There are few more terrifying pairings than power and incompetence. It is in light of this terror that we may try to sympathize with countless royal hands across the ages that answered to young men in the throes of puberty wielding the power to end innumerable lives (along with their own empires).
The brat king is perhaps a timeless literary trope, but the lives of these young rulers were themselves far from fortunate. Many kings saw their crown far before even adolescence, standing little chance to navigate the intricacies of royal politics or rise against the forces they were pitted against. It rarely ended well for young kings thrust into positions of power for which they were not prepared.
Emperor Puyi of China was crowned at the age of 2 as the last monarch of the Qing Dynasty, following the death of Guangxu. Puyi thrashed in fear on the Dragon Throne during his coronation, which marked the end of any semblance of a normal upbringing. The young emperor was separated from his family and raised by the eunuchs of the Forbidden City, which he routinely abused out of boredom and sadism. Throughout his early years, his wet nurse, Wang Wen-Chao, served as his only maternal figure and was occasionally able to calm him during his more cruel moods.
Puyi was abdicated in 1911 following a mutiny at an army garrison in nearby Wuhan. This marked the beginning of Puyi’s lifetime as a Chinese figurehead fraught by political intrigue from every direction that he was ill-equipped to manage. Puyi maintained his residence in the Forbidden City for years after and was heavily shaped by the tutelage of Sir Reginald Johnston, a Scottish diplomat.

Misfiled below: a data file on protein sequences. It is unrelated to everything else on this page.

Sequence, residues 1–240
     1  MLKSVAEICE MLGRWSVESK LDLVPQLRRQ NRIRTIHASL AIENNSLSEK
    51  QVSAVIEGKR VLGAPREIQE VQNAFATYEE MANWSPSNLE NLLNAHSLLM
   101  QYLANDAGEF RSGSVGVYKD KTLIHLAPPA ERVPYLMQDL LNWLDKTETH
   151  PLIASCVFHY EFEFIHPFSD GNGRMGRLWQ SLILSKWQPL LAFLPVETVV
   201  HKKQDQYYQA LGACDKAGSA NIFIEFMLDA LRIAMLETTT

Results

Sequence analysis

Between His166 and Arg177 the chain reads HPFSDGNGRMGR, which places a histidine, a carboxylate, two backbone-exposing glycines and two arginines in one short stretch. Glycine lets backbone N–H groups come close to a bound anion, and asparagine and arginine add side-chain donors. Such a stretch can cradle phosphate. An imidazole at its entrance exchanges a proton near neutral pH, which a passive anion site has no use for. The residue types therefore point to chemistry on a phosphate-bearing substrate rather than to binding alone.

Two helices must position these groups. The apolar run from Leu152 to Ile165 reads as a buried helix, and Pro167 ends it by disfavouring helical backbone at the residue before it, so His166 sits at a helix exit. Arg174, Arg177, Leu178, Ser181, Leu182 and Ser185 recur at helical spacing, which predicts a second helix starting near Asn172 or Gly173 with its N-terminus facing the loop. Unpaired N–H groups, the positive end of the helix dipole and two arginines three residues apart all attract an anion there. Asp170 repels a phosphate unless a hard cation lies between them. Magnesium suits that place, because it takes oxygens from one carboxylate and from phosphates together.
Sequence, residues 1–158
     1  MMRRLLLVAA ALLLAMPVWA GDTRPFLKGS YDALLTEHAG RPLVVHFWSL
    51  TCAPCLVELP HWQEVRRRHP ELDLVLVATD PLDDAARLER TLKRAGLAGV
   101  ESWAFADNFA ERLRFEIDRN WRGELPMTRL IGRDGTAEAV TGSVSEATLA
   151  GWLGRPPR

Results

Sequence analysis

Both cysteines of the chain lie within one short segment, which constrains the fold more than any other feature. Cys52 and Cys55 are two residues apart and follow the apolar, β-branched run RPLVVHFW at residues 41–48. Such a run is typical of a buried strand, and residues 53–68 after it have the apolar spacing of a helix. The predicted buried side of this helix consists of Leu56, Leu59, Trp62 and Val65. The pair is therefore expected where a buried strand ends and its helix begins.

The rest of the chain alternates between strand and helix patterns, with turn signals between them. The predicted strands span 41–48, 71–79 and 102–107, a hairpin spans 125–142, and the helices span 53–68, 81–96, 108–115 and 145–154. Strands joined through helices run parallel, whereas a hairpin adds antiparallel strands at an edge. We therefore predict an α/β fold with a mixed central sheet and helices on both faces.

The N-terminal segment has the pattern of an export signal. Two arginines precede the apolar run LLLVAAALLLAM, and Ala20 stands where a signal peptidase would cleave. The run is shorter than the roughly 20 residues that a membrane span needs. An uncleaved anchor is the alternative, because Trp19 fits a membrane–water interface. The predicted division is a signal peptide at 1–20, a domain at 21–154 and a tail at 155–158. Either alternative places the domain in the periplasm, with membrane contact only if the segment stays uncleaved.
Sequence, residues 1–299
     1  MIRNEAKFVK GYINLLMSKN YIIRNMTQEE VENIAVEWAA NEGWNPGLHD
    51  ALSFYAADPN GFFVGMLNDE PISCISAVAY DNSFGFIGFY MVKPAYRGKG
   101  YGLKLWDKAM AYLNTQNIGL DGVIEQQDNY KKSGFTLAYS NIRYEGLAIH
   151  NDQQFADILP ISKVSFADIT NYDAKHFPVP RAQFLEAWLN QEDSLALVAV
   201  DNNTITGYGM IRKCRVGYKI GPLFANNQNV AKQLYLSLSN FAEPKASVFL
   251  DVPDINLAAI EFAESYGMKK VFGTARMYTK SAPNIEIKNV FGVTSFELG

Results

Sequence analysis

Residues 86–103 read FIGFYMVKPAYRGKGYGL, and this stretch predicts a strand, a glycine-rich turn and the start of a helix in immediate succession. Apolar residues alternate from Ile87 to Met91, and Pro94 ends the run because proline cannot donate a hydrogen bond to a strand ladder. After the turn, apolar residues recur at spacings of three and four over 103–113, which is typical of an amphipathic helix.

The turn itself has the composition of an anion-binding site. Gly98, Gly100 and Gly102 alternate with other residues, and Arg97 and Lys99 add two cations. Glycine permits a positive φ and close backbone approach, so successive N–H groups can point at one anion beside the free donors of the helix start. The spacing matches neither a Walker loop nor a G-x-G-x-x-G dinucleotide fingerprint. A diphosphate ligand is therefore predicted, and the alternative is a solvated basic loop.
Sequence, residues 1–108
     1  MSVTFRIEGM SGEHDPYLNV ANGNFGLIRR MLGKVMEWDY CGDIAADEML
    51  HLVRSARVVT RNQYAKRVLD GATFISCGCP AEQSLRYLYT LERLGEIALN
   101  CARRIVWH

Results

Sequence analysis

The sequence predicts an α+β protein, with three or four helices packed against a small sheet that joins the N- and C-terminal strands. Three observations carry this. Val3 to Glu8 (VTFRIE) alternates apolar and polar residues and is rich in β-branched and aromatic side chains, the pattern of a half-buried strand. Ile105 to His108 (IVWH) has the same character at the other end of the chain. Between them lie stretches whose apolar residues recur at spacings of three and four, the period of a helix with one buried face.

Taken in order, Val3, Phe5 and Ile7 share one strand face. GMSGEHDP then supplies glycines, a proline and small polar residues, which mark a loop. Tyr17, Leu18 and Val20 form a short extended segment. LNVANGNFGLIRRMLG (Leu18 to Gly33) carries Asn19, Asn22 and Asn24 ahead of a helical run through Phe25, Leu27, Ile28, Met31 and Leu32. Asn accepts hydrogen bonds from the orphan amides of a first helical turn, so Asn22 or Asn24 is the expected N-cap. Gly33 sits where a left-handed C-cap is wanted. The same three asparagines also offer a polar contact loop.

A 1924 coup saw Puyi’s expulsion from the Forbidden City, after which he lived as a private citizen, a “war criminal,” a puppet monarch, and finally a member of the Chinese People’s Political Consultative Conference (CPPCC) in communist China. Puyi’s life became the subject of countless writings and revisions from various political and national perspectives—including his own, as his life served as a symbol for the transformation of Chinese government during a period of heavy outside influence leading up to the establishment of the CPPCC.
Henry VI inherited the English throne from his deceased father at the age of nine months, along with the Hundred Years War. During the early years of Henry’s life, England was ruled by the Regency government, composed of powerful English nobles and heavily influenced by his uncle Humphrey, Duke of Gloucester. Henry took the responsibilities of the crown of both England and France at the age of 16 to the effect of a loss of English lands to Joan of Arc and Charles VII.
Henry displayed a significant lapse in his mental state after his loss of Bordeaux in 1453. He was rendered nearly catatonic, even to the birth of his own heir, for over a year. He eventually recovered from his episode, but his failures in the Hundred Years War stirred political turmoil at home, which eventually broke out into civil war during the War of the Roses. Henry was imprisoned by King Edward before being briefly reinstated through the political efforts of Queen Margaret.
In historic memory, Henry has been recalled as timid, pious, and mentally unstable. His extended legacy of political and military defeats eventually broke the young king’s mind before he died alone and insane, imprisoned at the Tower of London.
John the First, “the posthumous,” was crowned as King of France on the day of his birth following the death of Louis X four months prior. His reign lasted all of five days with the circumstances of his death still remaining unclear.
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